Slobodan Praljak’s apparent courtroom suicide, which was broadcast on a video feed, came in the final minutes of the last judgment at the International Criminal Tribunal for the Former Yugoslavia, which closes next month after 24 years.
The white-bearded Praljak, 72, was taken to hospital after drinking from a flask or glass as an ICTY judge read out appeals rulings against him and five other convicted Bosnian Croat war criminals, tribunal spokesman Nenad Golcevski said.
“I just drank poison,” the ex-general told the stunned court. “I am not a war criminal. I oppose this conviction.” After gulping down the drink, he sat back down and slumped in his chair, said a lawyer who was in the courtroom at the time.
“Praljak drank a liquid in court and quickly fell ill,” Golcevski said. He was treated by tribunal medical staff, but “passed away today at the HMC hospital in The Hague”, he said.
Presiding Judge Carmel Agius hastily suspended the hearings and the courtroom was declared a crime scene by Dutch authorities. As a forensic investigation got under way, the chamber was sealed off and the public told to leave.
“Don’t take away the glass!” Agius said, instructing the guards to lower blinds and block a glass-partition separating the court from the public.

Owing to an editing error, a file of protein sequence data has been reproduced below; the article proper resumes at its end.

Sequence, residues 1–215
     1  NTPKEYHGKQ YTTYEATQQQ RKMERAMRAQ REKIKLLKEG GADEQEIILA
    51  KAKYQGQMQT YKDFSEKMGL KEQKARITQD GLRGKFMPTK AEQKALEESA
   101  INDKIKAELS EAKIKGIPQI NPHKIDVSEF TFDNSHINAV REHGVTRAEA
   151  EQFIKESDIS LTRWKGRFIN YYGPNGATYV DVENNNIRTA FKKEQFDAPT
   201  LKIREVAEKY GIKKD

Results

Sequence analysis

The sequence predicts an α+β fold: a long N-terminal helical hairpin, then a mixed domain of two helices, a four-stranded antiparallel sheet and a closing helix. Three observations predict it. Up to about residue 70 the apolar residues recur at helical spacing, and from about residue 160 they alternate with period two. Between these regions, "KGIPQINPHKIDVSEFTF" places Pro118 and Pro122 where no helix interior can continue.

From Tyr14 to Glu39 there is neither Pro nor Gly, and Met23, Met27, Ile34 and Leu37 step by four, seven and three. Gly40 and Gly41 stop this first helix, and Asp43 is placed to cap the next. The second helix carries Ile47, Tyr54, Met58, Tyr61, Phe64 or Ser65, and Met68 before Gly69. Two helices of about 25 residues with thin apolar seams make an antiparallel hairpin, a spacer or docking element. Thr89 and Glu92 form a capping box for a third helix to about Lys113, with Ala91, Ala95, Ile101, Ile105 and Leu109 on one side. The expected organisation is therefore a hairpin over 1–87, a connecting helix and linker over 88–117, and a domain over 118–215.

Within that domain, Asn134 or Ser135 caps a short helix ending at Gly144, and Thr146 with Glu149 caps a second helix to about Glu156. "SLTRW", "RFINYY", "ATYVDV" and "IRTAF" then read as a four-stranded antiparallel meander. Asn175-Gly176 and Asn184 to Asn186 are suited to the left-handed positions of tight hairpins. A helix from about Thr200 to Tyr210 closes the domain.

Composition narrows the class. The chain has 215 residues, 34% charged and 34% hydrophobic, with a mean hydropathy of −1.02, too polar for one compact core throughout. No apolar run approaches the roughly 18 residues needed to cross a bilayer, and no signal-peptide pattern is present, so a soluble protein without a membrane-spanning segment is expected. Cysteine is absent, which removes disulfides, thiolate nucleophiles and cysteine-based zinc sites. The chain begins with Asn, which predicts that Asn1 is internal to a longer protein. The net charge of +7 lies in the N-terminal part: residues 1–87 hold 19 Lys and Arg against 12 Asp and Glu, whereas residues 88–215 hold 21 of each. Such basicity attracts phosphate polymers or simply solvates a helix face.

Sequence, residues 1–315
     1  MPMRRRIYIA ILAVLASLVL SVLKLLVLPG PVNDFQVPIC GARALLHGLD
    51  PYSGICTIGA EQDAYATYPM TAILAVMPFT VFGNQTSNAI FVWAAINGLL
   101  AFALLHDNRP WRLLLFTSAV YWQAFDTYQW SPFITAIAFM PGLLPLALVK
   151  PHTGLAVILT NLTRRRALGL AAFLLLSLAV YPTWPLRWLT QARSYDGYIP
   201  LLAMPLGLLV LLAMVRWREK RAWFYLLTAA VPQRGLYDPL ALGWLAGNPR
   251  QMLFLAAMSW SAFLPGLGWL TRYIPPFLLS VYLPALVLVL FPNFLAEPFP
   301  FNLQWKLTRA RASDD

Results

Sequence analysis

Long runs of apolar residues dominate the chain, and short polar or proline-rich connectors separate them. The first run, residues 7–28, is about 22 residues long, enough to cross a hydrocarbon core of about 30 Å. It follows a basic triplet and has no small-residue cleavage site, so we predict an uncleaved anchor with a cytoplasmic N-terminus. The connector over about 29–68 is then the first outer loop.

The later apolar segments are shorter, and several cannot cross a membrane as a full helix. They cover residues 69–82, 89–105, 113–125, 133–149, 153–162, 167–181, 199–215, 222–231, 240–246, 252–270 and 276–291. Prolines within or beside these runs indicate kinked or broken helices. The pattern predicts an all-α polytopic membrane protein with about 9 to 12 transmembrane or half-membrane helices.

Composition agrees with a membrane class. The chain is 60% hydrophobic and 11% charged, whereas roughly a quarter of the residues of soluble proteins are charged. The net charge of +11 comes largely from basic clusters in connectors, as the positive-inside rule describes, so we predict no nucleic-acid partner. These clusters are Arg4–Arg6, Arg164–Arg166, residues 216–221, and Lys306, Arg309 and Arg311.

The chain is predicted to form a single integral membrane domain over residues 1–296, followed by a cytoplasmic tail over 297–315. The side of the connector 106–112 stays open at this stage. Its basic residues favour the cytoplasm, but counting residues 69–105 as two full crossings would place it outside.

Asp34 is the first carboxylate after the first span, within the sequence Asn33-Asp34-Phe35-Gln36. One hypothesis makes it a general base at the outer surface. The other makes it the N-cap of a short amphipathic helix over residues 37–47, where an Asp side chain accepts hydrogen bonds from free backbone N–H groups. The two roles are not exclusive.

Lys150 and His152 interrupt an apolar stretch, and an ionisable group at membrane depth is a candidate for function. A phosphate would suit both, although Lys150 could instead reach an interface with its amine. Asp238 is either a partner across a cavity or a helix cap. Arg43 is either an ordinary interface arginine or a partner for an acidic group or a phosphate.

In the chaotic moments that followed, guards and paramedics raced in and out of the courtroom, and ambulances sped away.
Croatian Prime Minister Andrej Plenkovic, whose country was the patron of separatist Croat forces in Bosnia’s 1992-95 war, said he regretted Praljak’s death and offered condolences to his family. “His act tells the most about deep ethical injustice toward the six Bosnian Croats and the Croatian people.”
The ICTY upheld on appeal Praljak’s conviction on charges of crimes against humanity over persecution, murders and expulsions of Bosnian Muslims from territory captured by nationalist Bosnian Croats and the brutal imprisonment of 1,000 Muslims.
A reading of the judgment, which was also ruling on appeals against convictions and sentences against five other Bosnian Croat convicts, resumed more than two hours after Praljak drank the apparent poison.
The incident upstaged the appeals rulings, which were important for Croatia - it suspended a session of parliament so lawmakers could follow the hearing.
In the southern Bosnian town of Mostar, where Bosnian Croats and Muslims fought each other in the war and now co-exist in an uneasy peace, cafes closed to avoid incidents.
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